- Order and Disorder
- The Whole Point
- Two Fundamentals of Rolfing
- A Note on the Nervous System
- The Series
Fascia is found nearly everywhere in the body, wrapping and connecting everything from the cellular level on up. In general terms it's called "connective tissue", but we usually call it fascia for short.
A web of collagen fibers and fluid, fascia takes myriad shapes, textures, densities and forms depending on what's needed of it—and while it takes on different names in different places, its power lies in its total continuity and in how it gives shape and structure to the body at every level (Dr. Rolf called it "the organ of form" because of its unity and its function.)
For example, fascia can be thin enough to wrap individual muscle cells (endomysium), as well as entire muscles (epimysium), giving them their characteristic shapes. And where all those wrappings join at the end of a muscle, we call it a tendon. From there it penetrates and wraps bone (endosteum and periosteum) and connects to another bone as a ligament. On and on it goes, in varying textures, density and strength, forming a web that structures and shapes the entire body.
And this web is constantly changing. At every moment, it is being reinforced, broken down, re-woven to reflect the forces it encounters—shifting body weight, the tension of leaning over a computer keyboard, the pressures and pulls of running on pavement, the release of a good night's sleep, or the work of a Rolfer's hands.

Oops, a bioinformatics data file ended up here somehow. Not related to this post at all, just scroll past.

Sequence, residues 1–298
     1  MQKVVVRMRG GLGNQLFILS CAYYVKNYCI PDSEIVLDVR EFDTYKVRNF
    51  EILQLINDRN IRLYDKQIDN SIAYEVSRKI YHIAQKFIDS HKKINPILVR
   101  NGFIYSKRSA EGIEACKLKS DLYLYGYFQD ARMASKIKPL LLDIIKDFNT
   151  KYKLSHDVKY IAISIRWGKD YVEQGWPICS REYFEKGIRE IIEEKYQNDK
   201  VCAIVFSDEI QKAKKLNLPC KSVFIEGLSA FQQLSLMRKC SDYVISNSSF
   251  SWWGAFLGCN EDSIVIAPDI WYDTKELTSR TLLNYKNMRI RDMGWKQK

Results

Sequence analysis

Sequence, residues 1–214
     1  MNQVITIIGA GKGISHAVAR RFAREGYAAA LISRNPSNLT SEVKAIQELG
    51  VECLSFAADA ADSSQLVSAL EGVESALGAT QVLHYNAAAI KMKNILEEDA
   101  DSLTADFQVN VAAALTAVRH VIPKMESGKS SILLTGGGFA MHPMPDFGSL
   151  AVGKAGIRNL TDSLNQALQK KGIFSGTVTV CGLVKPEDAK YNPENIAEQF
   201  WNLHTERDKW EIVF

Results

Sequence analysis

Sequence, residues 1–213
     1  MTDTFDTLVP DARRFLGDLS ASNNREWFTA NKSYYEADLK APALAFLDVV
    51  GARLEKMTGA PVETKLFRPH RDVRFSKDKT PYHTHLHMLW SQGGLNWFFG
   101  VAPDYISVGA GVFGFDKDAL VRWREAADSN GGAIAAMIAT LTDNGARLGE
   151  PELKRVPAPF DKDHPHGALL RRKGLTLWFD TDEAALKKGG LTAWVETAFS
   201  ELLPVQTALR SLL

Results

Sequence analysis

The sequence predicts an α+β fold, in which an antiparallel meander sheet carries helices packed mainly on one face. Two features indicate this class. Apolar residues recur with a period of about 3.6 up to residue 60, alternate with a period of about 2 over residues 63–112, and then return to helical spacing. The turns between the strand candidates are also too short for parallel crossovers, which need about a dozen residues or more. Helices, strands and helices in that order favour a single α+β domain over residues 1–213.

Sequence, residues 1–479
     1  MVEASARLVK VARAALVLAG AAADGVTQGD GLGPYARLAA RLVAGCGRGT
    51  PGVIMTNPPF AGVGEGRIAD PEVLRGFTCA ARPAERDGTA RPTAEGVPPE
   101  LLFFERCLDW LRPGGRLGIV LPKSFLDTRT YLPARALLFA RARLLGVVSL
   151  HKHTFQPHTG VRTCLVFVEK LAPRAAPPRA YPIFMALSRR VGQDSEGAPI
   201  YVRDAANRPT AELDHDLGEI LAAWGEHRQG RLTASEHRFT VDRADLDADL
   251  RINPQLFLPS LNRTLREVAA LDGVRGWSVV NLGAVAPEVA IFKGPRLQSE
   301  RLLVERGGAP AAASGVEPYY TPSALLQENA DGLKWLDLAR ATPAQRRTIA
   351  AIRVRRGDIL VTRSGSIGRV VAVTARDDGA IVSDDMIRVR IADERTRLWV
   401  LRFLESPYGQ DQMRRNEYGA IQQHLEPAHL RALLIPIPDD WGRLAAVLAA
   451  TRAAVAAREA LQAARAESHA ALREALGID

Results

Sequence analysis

Playing off each other in an endless loop, tissue and movement (structure and function) are intimately linked. The history of a person's body—the habits of movement, growth patterns, positive experiences, skills, injuries, etc.—have their corresponding effects on the body-wide connective tissue web of fascia. And in turn, that web shapes how joints and muscles are able to shift and move, how bones are positioned, how gravity passes through the body.
Change the shape and quality of fascia throughout the body, and you've changed the possibilities for how that body organizes itself. Rolfers work directly with the fascia to bring about integration— but nothing is truly integrated without the brain being involved.